Queen Mary University study says genome sequencing can diagnose rare diseases

DNA sequence. Pic: National Human Genome Research Institute

The NHS could rapidly diagnose rare diseases using whole genome sequencing, possibly saving lives and millions of pounds, a study by Tower Hamlets-based Queen Mary University of London study has found.

The research, carried out with Genomics England, showed that the sequencing technique was more effective than usual genetic testing methods, helping to identify rare diseases in a quarter of the study’s participants. Given the usual treatment costs for patients of rare diseases, this discovery could save the NHS millions.

The pilot study involved 4600 participants from 2138 families, looking at known sufferers of rare diseases and their immediate families. For some participants, the study helped to reassure family members they had not passed on conditions to their children. For others, it ended decades of waiting for an accurate diagnosis.

In one instance, the study helped to prevent a further family death. Analysing the genome sequence of a four-month-old baby that had passed away due to an unknown condition, the researchers identified a severe metabolic disorder that caused an inability to intake vitamin B12 into his cells.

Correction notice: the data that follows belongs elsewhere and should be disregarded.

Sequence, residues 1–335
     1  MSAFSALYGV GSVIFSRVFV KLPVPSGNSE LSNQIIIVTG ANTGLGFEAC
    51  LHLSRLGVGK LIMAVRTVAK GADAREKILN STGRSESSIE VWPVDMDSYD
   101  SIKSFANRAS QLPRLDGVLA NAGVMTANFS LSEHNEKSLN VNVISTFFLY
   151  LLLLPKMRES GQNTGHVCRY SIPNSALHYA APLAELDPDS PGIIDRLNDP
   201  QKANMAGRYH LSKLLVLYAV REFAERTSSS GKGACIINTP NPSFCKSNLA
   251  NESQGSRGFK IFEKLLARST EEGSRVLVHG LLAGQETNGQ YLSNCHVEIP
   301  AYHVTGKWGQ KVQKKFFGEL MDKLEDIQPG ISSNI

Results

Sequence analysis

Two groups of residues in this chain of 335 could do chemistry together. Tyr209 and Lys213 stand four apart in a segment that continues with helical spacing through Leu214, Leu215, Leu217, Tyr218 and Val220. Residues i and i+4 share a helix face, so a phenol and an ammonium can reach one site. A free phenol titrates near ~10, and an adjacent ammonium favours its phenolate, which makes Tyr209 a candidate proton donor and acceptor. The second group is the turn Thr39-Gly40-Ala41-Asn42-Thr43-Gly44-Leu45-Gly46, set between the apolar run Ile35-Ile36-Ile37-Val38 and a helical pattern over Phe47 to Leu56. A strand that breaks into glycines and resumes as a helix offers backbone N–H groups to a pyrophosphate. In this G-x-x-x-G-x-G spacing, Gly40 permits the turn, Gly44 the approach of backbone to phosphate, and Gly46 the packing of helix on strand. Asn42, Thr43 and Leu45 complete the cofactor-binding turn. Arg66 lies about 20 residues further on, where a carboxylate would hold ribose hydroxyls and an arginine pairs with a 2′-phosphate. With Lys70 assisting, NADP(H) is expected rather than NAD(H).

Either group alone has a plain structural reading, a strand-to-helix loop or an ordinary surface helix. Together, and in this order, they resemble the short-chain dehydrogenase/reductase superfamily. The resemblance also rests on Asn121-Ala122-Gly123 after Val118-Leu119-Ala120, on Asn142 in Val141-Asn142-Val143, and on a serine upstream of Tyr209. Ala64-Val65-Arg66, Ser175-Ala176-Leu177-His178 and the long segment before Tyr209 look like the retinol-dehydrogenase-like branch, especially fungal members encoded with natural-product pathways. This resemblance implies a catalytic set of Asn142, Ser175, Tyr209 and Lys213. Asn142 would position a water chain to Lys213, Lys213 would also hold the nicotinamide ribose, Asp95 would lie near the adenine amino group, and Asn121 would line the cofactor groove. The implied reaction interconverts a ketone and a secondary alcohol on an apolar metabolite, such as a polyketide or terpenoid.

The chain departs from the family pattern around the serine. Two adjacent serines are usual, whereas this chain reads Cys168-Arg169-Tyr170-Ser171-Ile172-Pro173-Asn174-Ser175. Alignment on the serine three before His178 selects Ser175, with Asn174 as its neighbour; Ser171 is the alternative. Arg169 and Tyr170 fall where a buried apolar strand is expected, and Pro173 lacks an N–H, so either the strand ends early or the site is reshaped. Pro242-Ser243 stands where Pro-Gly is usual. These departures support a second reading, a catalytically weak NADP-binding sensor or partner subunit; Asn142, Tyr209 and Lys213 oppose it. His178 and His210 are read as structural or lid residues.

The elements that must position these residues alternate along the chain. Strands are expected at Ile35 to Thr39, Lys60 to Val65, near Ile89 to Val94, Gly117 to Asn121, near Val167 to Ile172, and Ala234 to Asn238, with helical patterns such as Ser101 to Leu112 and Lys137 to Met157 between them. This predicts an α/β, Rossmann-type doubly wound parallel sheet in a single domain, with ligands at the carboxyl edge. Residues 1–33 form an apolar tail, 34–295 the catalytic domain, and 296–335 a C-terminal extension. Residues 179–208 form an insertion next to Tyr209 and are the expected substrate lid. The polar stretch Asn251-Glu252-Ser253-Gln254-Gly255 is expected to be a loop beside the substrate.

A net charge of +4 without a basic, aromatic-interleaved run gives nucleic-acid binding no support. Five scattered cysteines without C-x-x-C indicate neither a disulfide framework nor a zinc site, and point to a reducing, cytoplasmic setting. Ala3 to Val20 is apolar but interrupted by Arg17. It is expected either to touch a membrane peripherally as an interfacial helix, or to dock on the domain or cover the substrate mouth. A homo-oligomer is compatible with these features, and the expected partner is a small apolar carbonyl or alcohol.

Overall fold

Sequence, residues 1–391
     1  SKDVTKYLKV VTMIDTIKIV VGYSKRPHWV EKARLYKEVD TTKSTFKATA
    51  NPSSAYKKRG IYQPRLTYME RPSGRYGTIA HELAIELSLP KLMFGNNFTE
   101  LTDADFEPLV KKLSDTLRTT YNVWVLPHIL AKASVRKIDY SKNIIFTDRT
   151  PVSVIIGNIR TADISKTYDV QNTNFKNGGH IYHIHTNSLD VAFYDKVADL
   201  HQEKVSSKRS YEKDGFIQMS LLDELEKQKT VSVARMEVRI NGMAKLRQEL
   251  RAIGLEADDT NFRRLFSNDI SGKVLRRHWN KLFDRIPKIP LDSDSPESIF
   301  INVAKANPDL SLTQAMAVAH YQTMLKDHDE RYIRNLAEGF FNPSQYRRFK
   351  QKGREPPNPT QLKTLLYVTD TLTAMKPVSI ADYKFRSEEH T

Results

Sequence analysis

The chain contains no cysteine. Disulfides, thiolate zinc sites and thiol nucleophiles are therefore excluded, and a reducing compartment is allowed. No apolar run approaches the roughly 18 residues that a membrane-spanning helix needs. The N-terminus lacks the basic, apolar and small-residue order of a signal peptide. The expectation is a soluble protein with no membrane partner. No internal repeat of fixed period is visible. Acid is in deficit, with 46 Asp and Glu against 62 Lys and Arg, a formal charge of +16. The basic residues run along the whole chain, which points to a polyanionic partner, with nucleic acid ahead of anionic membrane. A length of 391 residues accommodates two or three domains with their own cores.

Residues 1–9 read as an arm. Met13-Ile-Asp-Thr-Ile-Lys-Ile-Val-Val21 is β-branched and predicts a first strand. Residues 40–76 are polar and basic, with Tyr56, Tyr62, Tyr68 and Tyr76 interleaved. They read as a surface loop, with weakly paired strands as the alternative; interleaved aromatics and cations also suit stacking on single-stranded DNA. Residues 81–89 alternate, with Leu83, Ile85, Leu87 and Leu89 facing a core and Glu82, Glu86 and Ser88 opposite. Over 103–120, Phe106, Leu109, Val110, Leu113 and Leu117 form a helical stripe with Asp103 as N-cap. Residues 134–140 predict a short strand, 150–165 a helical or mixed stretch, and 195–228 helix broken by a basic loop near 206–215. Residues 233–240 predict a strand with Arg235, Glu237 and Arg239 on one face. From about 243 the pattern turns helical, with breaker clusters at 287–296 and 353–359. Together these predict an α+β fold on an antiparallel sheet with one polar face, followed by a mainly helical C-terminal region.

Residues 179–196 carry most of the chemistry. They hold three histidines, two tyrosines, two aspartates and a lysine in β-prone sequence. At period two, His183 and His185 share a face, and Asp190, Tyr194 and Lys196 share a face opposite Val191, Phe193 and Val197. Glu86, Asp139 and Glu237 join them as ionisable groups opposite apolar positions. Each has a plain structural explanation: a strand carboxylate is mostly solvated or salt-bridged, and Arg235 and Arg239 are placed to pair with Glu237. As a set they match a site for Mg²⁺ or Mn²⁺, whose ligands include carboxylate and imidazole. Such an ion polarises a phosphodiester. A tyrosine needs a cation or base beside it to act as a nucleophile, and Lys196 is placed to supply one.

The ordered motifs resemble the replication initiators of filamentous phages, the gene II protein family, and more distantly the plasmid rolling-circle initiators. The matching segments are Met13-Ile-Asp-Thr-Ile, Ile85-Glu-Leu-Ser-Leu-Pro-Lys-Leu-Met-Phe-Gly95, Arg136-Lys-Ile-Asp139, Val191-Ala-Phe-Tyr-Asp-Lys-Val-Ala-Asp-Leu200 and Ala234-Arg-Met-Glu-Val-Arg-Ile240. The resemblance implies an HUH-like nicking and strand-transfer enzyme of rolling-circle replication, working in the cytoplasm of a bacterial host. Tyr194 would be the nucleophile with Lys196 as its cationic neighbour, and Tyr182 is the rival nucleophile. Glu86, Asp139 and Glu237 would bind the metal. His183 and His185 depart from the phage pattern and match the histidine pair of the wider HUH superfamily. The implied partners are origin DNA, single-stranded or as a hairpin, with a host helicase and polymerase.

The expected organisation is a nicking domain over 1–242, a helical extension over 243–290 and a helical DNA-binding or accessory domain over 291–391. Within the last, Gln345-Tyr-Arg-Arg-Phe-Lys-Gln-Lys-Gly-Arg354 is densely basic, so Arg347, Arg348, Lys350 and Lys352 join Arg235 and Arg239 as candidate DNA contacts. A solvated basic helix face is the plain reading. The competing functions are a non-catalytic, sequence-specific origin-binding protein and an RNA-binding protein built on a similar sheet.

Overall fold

This allowed them to offer a predictive test to his younger brother just one week after his birth, who is now being treated with B12 injections on a weekly basis to stop the disease progressing.

The study also ended a seven-year search for a diagnosis in a 10-year-old girl. With multiple intensive care admissions and more than 307 hospital visits, her treatment had cost the NHS £356,571.

The diagnosis the study provided allowed the girl to receive a curative bone-marrow transplant at just a fifth of that price, whilst also analysing her siblings to rule out further risk.  

Queen Mary University of London. Pic: Reading Tom

Lead author, Professor Damian Smedley from Queen Mary told EastLondonLines: “Previous studies have tended to focus on particular areas of rare diseases. Here, we aimed to take on any NHS patient with a rare genetic disease, so it’s much bigger than any other worldwide studies.

“Already we’ve found new molecular diagnoses for 25% of the patients. Immediately, that’s peace of mind for them and their family.”

Highlighting his hope for the future of the study’s findings, he said: “We hope other countries start to adopt [whole genome sequencing]. It has already transformed the UK and the NHS.”

The UK government launched the 100,000 Genomes Project, which formed the basis of this study, in 2013, offering whole genome sequencing to people with undiagnosed rare diseases as a routine treatment by 2018.

Rare diseases remain a healthcare challenge both abroad and at home, affecting 6% of the population in western societies (around four million people in the UK).

One third of children with a rare disease die before their fifth birthday. This study, published in the New England Journal of Medicine, shows that whole genome sequencing could be pivotal in changing those figures.

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